SINGAPORE – When Sultan Hassanal Bolkiah delivered an address at the opening of Brunei’s annual legislative session on March 9, he expressed gratitude to “God” that his nation remained free of Covid-19 infections. At the time, the oil-rich Borneo sultanate was still one of the last countries in Southeast Asia without a confirmed case.
The monarch began an otherwise down-to-earth speech on the economic repercussions of the viral global pandemic for energy-dependent Brunei by ascribing the Islamic nation’s virus-free status to divine “protection” gained through prayer.
“Brunei is constantly praying, in our mosques, houses and assemblies. With continued prayers, Brunei will continue to receive divine blessings and protection,” said the sultan, one of the world’s few remaining absolute rulers, in his speech officiating the Legislative Council (LegCo) sitting.
Hours after his speech, Brunei confirmed its first Covid-19 case.
Within days, there were dozens of new cases linked to Bruneians returning from a mass gathering of pious Muslims in Malaysia organized by the missionary Tablighi Jamaat movement in late February, Southeast Asia’s largest coronavirus cluster to date with confirmed infections in multiple countries.
A fast uptick in cases sparked alarm and panic buying at grocery stores and led to Brunei prohibiting citizens and foreign residents from going abroad on March 15. The country then sealed itself off entirely, with all land, sea and air entry points closed on March 24.
At present, Brunei has 133 confirmed Covid-19 cases with one death recorded.
But the situation was quickly brought under control. Brunei was among the first nations to introduce travel restrictions on affected countries and temperature screenings for inbound travellers. By early February, authorities began readying quarantine shelters capable of accommodating more than a thousand potential patients.
Observers say the wealthy sultanate’s handling of the pandemic has been robust and transparent, despite the adoption of drastic and arguably draconian measures.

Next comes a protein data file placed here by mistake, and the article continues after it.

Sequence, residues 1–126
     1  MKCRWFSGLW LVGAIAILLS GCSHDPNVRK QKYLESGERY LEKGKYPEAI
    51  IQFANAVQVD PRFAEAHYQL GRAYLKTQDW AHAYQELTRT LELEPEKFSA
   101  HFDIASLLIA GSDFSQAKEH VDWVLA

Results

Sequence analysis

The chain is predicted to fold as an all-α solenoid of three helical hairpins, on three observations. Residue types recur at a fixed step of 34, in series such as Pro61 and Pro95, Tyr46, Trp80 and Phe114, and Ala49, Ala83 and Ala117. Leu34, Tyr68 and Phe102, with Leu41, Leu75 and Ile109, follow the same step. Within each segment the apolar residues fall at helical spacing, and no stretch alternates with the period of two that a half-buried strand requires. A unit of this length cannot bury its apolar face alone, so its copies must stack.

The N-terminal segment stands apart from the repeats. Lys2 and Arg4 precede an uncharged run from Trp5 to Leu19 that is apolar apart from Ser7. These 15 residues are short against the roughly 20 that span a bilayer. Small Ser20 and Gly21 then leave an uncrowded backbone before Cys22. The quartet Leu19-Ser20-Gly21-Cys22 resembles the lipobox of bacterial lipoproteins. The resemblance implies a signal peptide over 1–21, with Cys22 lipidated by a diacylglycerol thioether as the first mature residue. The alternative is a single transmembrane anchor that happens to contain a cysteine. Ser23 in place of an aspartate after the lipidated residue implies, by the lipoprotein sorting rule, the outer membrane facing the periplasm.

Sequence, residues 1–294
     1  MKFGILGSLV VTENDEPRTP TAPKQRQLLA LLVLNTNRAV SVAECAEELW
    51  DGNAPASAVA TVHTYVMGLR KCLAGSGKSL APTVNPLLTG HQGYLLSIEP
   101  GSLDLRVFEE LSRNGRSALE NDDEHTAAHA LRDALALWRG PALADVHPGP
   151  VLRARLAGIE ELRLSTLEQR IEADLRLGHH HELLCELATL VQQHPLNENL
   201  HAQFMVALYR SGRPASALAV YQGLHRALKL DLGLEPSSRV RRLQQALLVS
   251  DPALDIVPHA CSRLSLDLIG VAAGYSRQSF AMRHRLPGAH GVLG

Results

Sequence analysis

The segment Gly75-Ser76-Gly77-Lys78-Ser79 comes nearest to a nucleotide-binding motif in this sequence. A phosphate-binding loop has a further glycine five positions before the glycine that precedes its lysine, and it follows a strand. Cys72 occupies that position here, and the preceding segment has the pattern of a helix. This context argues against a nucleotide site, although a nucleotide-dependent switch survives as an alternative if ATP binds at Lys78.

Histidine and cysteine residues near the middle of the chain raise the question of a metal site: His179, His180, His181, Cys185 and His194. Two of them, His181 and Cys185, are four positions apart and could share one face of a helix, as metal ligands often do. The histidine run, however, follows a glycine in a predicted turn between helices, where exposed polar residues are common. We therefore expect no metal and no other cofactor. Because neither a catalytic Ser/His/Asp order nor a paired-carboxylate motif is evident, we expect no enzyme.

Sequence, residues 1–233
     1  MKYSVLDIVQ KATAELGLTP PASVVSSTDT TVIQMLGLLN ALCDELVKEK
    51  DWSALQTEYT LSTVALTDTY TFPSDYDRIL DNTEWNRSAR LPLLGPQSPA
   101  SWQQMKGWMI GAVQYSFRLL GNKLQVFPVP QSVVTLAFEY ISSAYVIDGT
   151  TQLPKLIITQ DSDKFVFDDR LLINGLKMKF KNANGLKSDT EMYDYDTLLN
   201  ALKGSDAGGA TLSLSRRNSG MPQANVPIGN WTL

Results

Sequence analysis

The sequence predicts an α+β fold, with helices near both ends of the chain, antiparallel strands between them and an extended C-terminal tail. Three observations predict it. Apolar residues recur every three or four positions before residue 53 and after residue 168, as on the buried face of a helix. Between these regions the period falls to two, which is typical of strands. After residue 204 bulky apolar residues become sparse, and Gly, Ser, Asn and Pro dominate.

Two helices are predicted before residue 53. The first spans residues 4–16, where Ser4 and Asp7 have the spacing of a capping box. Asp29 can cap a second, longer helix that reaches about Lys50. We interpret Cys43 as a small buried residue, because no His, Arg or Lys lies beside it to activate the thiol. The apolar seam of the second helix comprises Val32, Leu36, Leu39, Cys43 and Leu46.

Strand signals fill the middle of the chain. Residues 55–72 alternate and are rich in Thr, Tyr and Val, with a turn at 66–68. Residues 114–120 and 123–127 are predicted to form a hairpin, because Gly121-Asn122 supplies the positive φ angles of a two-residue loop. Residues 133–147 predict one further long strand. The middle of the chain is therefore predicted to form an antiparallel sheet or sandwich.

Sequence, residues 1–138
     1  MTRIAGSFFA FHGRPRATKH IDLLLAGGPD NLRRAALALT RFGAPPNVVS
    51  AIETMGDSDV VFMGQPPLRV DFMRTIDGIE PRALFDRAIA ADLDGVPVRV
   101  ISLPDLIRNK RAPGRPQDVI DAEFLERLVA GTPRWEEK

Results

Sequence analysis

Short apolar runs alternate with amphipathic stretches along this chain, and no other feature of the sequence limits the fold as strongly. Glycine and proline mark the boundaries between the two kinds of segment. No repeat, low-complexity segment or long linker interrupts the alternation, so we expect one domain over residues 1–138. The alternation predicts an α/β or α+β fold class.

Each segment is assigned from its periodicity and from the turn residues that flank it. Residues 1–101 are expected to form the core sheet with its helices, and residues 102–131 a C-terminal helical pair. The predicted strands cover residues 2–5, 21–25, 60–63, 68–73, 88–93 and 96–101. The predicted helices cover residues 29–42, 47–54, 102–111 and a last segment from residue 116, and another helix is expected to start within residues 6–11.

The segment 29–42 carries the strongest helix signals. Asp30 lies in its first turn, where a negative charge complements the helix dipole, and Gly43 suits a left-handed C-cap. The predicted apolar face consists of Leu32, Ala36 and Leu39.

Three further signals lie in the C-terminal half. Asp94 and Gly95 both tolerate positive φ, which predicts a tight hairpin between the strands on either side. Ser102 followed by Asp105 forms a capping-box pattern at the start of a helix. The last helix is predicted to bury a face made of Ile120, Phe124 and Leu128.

“Once the first cases were reported, Brunei quite impressively and professionally handled the situation, putting into action best practices likely inspired by neighboring Singapore,” said Dominik Müller, a professor of cultural and social anthropology at Germany’s Friedrich-Alexander University (FAU) Erlangen-Nuremberg.
“They were swift and apparently very efficient in setting up new testing, treatment and contact-tracing structures, which is all the more remarkable as there’s often a stereotype of policies and basically any other procedures in Brunei typically being rather slow,” the academic told Asia Times.
Mosques, suraus and prayer halls across the country have also been shuttered and are likely to remain closed in the near-term.
Places of worship and prayer facilities were initially set to remain closed until at least April 6. But in a press briefing on April 2, Health Minister Mohammad Isham Jaafar said the government would only ease Covid-19 restrictions, including mosque closures, after 28 consecutive days with no new cases recorded.
“Unlike Singapore, Brunei was initially reluctant to close mosques and cancel Friday prayers,” Müller said, though precautions such as closing mosques for disinfection and cleaning were taken. “But once the case numbers grew, the government eventually declared that Friday prayers at mosques were not religiously obligatory for the time being.”
Brunei’s ruler, in a televised speech addressing the Covid-19 situation on March 22, called on the public to remain calm and exercise responsibility to prevent wider spread of the pneumonia-like illness.
As believers, said the sultan, Bruneians are required to undertake prayer and devotional acts while at home rather than at mosques to curb the contagion’s spread.
“This is where our culture is different, we know this pandemic does not exist by itself but comes from our creator. Nobody among us knows why it came,” the 73-year-old monarch said. The country’s Ministry of Religious Affairs has since reiterated calls for the public to undertake pious acts and religious deeds in order to obtain God’s protection.